Ludvig Holberg

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The following article is from The Great Soviet Encyclopedia (1979). It might be outdated or ideologically biased.

Holberg, Ludvig


Born Dec. 3, 1684, in Bergen, Norway; died Jan. 28, 1754, in Copenhagen. Danish writer.

Holberg was the most prominent figure of the Enlightenment in Scandinavia. He graduated from the University of Copenhagen in 1704 and became a professor there in 1714. A Norwegian by descent, Holberg inherited the democratic traditions of the Norwegian peasantry, who had never known serfdom. He was an advocate of enlightened monarchy.

In 1719–20, Holberg published the satirical narrative poem Peder Paars (vols. 1–4) under the pseudonym of Hans Mikkel-sen, a brewer from Kalundborg; he employed motifs from this work in later writings. Drawing on the traditions established by Moliere and the commedia dell’arte, Holberg ridiculed his contemporaries who aped the French nobility (Jean de France, 1722), arrogant nobles (Don Ranudo, 1723), moneygrubbers (The 11th of July, 1723), and vainglorious warriors (Jakob von Thyboe, 1723). In the satirical play Jeppe of the Hill (1722) he portrayed a downtrodden peasant who retains his native wit. The comedy Erasmus Montanus (1723; Russian translation, 1902) has tragic undertones.

Holberg expressed aristocratic sociopolitical views in The Political Tinker (c. 1722; Russian translation, 1830). However, his comedies and the work of the Danish Theater, which he founded in 1722, were repressed by reactionary Danish circles. The theater was closed in 1730 and did not reopen until 1748. Holberg wrote historical and philosophical works, including History of the Kingdom of Denmark (vols. 1–3, 1732–35; Russian translation parts 1–2, 1765–66). His Nils Klim’s Journey Under the Ground (1741; written in Latin; Russian translation, 1762) was a sociopolitical satire of contemporary Europe.

Holberg had imitators in many European countries. He was well known in Russia, where his fables were translated by D. I. Fonvizin. His plays, which remain fundamental works in the classical repertoire of Danish and Norwegian theaters, had a considerable influence on the development of realist literature in Scandinavia.


Samleder skrifter, vols. 1–17. Copenhagen, 1913–40.
In Russian translation:
Komedii. Introductory article by A. Gozenpud. Leningrad-Moscow, 1957.


Brandes, G. “L. Gol’berg.” Sobr. soch., 2nd ed., vol. 3, part 3. St. Petersburg, 1906.
Gozenpud, A. “Datskii teatr.” In Istoriia zapadnoevropeiskogo teatra, vol. 4. Moscow, 1964.
Mortensen, K. L. Holberg. Copenhagen, 1925.
Brix, H. Holbergs komedier. Copenhagen, 1942.
TopsRe-Jensen, H. H. C. Andersen og Holberg. Copenhagen, 1956.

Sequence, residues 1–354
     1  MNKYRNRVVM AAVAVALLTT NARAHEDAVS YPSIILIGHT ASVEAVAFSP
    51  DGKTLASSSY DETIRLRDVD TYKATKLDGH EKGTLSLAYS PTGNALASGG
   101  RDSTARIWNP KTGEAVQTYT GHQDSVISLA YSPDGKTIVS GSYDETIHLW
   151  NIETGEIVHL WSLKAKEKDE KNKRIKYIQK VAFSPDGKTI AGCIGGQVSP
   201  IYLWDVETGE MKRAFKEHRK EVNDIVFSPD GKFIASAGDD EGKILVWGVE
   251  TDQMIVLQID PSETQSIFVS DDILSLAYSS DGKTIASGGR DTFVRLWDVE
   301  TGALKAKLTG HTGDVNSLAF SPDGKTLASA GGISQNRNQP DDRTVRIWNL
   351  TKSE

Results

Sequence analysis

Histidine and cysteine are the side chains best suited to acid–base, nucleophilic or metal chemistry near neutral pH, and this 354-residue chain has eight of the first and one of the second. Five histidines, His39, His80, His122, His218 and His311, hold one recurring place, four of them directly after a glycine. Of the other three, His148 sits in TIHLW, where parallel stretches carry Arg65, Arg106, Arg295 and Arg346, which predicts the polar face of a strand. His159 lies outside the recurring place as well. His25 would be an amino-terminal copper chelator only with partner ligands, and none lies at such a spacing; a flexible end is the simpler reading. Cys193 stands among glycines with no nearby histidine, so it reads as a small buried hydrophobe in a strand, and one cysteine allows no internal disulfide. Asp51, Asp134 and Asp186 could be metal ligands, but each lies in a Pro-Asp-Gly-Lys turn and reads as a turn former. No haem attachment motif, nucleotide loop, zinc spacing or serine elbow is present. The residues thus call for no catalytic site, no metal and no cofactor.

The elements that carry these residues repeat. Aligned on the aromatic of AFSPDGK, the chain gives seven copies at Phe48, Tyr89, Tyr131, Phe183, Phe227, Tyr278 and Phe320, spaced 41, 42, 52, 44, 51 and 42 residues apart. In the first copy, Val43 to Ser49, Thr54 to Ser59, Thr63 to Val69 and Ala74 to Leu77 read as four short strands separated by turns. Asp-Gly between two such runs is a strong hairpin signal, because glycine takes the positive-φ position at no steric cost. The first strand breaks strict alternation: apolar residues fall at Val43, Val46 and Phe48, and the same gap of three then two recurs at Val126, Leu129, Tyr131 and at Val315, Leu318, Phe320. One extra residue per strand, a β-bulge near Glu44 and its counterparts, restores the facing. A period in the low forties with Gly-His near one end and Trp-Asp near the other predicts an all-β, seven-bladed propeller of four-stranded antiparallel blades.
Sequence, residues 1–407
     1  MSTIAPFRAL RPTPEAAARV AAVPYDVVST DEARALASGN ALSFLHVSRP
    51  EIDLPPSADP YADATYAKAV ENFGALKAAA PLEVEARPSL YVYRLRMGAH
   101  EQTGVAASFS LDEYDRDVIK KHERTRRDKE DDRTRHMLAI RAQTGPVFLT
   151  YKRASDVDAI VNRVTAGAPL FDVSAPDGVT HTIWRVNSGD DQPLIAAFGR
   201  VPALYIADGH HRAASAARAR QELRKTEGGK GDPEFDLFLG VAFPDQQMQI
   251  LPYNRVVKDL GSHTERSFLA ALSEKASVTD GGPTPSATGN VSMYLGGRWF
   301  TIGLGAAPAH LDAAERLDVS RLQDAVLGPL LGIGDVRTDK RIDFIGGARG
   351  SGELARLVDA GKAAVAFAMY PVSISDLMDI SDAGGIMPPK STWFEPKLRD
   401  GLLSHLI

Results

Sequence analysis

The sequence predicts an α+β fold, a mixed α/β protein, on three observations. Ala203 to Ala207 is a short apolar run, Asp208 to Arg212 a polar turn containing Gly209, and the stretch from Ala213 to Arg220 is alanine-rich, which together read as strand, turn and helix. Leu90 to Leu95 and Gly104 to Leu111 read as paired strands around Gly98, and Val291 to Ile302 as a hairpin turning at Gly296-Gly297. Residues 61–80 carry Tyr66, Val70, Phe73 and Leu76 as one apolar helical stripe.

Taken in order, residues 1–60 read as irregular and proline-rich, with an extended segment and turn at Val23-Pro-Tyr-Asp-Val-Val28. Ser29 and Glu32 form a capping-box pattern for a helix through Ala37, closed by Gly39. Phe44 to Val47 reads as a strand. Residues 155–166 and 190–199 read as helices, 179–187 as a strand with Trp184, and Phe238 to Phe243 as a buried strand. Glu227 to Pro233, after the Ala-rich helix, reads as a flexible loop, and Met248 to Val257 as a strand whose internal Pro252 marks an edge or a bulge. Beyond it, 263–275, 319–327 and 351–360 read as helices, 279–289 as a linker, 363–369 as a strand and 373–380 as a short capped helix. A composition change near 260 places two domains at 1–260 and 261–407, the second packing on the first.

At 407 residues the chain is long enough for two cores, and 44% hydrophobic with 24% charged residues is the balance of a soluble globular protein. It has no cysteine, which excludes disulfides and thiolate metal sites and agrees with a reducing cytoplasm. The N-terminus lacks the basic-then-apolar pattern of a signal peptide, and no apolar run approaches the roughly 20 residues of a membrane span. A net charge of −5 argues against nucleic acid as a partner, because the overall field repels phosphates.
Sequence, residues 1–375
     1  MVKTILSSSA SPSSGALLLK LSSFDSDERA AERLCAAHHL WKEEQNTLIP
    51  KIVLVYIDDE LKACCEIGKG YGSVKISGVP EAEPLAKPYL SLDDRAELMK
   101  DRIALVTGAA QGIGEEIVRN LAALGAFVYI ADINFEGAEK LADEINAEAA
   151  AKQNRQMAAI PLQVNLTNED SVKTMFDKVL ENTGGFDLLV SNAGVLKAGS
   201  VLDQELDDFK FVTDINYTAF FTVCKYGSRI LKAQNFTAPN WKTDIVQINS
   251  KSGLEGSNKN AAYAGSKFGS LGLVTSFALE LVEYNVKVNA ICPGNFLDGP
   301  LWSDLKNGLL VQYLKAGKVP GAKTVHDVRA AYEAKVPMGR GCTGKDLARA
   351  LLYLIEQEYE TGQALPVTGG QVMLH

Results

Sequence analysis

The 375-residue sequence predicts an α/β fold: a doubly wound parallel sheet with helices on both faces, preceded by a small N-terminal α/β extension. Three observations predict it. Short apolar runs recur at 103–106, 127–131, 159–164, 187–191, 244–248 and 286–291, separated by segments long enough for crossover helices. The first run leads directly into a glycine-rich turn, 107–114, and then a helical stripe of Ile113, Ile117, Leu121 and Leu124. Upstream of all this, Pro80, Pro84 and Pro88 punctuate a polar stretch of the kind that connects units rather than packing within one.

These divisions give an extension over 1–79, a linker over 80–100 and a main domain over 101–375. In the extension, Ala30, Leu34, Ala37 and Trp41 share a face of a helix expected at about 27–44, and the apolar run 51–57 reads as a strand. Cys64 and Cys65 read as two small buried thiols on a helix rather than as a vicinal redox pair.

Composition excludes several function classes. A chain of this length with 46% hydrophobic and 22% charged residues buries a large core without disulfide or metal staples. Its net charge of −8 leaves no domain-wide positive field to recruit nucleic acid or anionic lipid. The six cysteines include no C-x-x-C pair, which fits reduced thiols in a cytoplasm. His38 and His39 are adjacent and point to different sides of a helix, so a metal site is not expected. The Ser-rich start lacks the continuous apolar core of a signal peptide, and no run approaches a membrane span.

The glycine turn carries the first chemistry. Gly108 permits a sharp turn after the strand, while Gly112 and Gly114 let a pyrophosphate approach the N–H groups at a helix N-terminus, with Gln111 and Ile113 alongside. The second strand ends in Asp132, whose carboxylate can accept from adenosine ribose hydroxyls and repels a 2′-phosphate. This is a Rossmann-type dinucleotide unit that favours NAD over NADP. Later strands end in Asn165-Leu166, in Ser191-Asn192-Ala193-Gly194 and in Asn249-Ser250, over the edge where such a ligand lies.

Olrik, H. G. L. Holberg—undersRgelser og kroniker. Copenhagen, 1959.
Ehrencron-Müller, H. Bibliografi over Holbergs skrifter, vols. 1–3. Copenhagen, 1933–35.
Ludvig Khol’berg: Biobibliograficheslii ukazatel’. Moscow, 1970.


The Great Soviet Encyclopedia, 3rd Edition (1970-1979). © 2010 The Gale Group, Inc. All rights reserved.
References in periodicals archive ?
Grieg's Holberg Suite, written in 1884, is a tribute to the 200th birthday of Scandinavian playwright Ludvig Holberg. The five Baroque dances would have been in the style of Holberg's experience.
Other narratives written in Latin by non-native speakers include John Barclay's Argenis (1621) and Ludvig Holberg's Nicolai Klimii Iter Subterraneum (1741).
In January 1817 Shelley recorded that on 'Teusday [sic] 28th' she 'Read journey to the World Underground--return to the Godwins--read the Rehearsal.' She was referring to A Journey to the World Under-ground: being the subterraneous travels of Niels Klim, originally published in Latin in 1741 by Ludvig Holberg (1684-1754), Scandinavia's closest approximation to Voltaire.
Well before 1980, however, Fumaroli had indicated the wide range of his interests with a sequence of trenchant and penetrating articles about Parisian theatre, including interviews with Fernando Arrabal and Peter Brook and analyses of Ludvig Holberg and Sacha Guitry.
The concept for "The Beautiful Bridegroom" came about as he was doing his research and came across a one-act play by the 18th century Danish-Norwegian playwright Ludvig Holberg.
Three authors are worth mentioning among historians, who approached Danish-Estonian history: Ludvig Holberg (1684-1754), Peder Friedrich Suhm (1728-1798) and Ove Malling (1747-1829).
Fitting gives us the chance to reacquaint ourselves with the fascinating Journey of Niels Klim to the World Underground (1741) by Ludvig Holberg, mentioned by Poe as appropriate reading-matter for that etiolated valetudinarian, Roderick Usher.
Based on a play by the 18th-century dramatist, Ludvig Holberg, the libretto is, like Le nozze di Figaro, about a master and his valet.
Finally, it appears as a slightly anachronistic use of terminology when the playwright Ludvig Holberg (1684-1754) is called 'one of the earliest and most vocal of the European feminists', and when the author discusses Ibsen's 'feminist education' (p.
Brandes wrote many scholarly studies illustrating his radical ideas, including monographs on the Danish religious philosopher Soren Kierkegaard, the German socialist leader Ferdinand Lassalle, and the Scandinavian playwright Ludvig Holberg. Notable among his critical works are Det moderne gjennembruds mand (1883; "Men of the Modern Breakthrough"; i.e., his own followers) and Danske digtere (1877; "Danish Poets").
In actual fact, older Norwegian and Danish literature circulated freely in the same literary waters: Ludvig Holberg, Johannes Ewald, Amalie Skram, Johannes V.